Thursday, June 20, 2013

Church potlucks in the Age of the Internet

There is really nothing funny about church potlucks. Okay, there is. Jell-O. Actually, the great purple Jell-O wave of the 50s,  60s, 70s and 80s has faded into nothing but a joke about predominance of Jell-O at church potlucks. Jell-O is harder to find at today’s church potluck than finding a person who is happy with the direction of the church. Jell-O has been reduce to VBS and the occasional nostalgic dish of the hip mom doing the retro recipe she found on the cool retro mom’s blog.

Fed on diet of the Food Channel, Martha Stewart, and O living, and all those foodie sites, the modern day potluck can be a cornucopia of exotica and cuteness. Desserts like baked pound cake cut in strips looking suspiciously like french fries and  topped with raspberry sauce and served in a McDonald’s Fries container make hard to know what to do. Eat it or admire its cleverness. Of course I ate the foo-foo fries without the proper admiration, to the dread of my wife for her uncouth husband. They were cute, but they were tasty. For men, taste trumps cute.

Then, there are the leftovers extravaganza casseroles. Everything in the fridge is thrown into a dish and topped with lots of cheese and cream. It is important with these dishes to make sure to tell people that it was grandma’s or a beloved aunt’s recipe. This keeps any unChrist like critic from setting you free with some unwanted pesky truth.

For the most part the open potluck becomes a contest of taste. Many people feel the anxiety of cooking for them and the anxiety of having to sampling all the dishes while at them, less you insult someone by not tasting their culinary concoction. We all admire the bachelor who brings a bucket of fried chicken he pick up on the way in. If it were only that easy. I remember a particularly good hunter bringing his various kills in the form of wild game chili. The challenge was real men eat moose, elk and deer in a mixture of beans and spices. It was good, but buried in spices, all that game tasted liked chicken.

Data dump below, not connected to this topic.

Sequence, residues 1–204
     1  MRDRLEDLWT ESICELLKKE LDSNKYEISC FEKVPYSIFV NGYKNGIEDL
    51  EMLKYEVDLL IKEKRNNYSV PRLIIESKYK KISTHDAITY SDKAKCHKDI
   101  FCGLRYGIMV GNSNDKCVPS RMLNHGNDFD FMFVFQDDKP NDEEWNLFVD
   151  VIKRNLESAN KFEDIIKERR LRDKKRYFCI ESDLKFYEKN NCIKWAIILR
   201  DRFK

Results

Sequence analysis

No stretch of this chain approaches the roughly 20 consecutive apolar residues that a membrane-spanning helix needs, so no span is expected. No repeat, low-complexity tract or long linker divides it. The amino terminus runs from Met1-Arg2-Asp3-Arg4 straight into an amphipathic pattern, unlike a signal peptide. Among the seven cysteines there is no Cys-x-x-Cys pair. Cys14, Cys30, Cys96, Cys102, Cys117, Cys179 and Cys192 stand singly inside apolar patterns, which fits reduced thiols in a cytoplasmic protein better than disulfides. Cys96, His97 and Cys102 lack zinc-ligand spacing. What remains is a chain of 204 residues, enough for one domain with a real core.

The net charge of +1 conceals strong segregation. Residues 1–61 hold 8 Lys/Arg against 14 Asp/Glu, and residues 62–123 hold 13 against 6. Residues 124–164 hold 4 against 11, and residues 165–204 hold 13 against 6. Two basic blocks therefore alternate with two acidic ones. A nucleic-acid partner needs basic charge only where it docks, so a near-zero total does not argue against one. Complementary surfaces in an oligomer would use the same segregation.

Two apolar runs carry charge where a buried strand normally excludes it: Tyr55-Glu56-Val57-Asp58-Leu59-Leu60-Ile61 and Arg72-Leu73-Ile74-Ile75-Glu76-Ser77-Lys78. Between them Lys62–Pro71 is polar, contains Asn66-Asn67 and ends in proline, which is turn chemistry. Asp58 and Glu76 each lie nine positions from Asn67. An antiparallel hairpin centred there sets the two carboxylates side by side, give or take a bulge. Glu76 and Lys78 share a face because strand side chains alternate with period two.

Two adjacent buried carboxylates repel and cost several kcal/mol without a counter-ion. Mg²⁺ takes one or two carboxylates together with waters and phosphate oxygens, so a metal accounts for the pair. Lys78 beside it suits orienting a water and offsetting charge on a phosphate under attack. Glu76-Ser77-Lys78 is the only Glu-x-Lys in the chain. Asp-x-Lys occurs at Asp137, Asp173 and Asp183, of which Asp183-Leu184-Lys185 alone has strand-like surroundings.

Churches understand the nature of competition and the drive to outdo your beloved neighbors and friends, so they use a technique of targeted potlucks. Pick a theme like soup, Mexican, pasta, or chili and you can at least control the culinary adventures. But people, armed with Google, are ever more clever. Homemade churros, a delicate pesto gnocchi or an exotic chili from a small town in the Guatemala famed for its Mayan green chili sauce suddenly find their way to the themed potluck.

Being Mexican, when Mexican is chosen, I feel the pressure. So when Mexican was chosen in our recent potluck, I found my grandmother’s empanada recipe online. At least I hope that the recipe was like my grandmother's. It seemed like something she would make. I made my own Dulce de Leche, sautéed apples and made the cream cheese dough. My wife love the condition of the kitchen after my Googling adventure, but that’s another story. At the potluck, I was relieved that they turned out just like grandmother’s, or at least like the ones I hope I remembered she made. I got the compliments. No one saw the kitchen I left at home, no doubt. Yet, somehow the past connected to my present. Is that what potlucks are about?

Was the wedding in Canna a potluck? I like to think so. Water to wine, I wonder I I can Google that?


This humor first published with Spokane Favs at : http://spokanefavs.com/blogs/ernesto-tinajero/church-potlucks-in-the-age-of-the-internet#sthash.ifxvZrbx.dpuf

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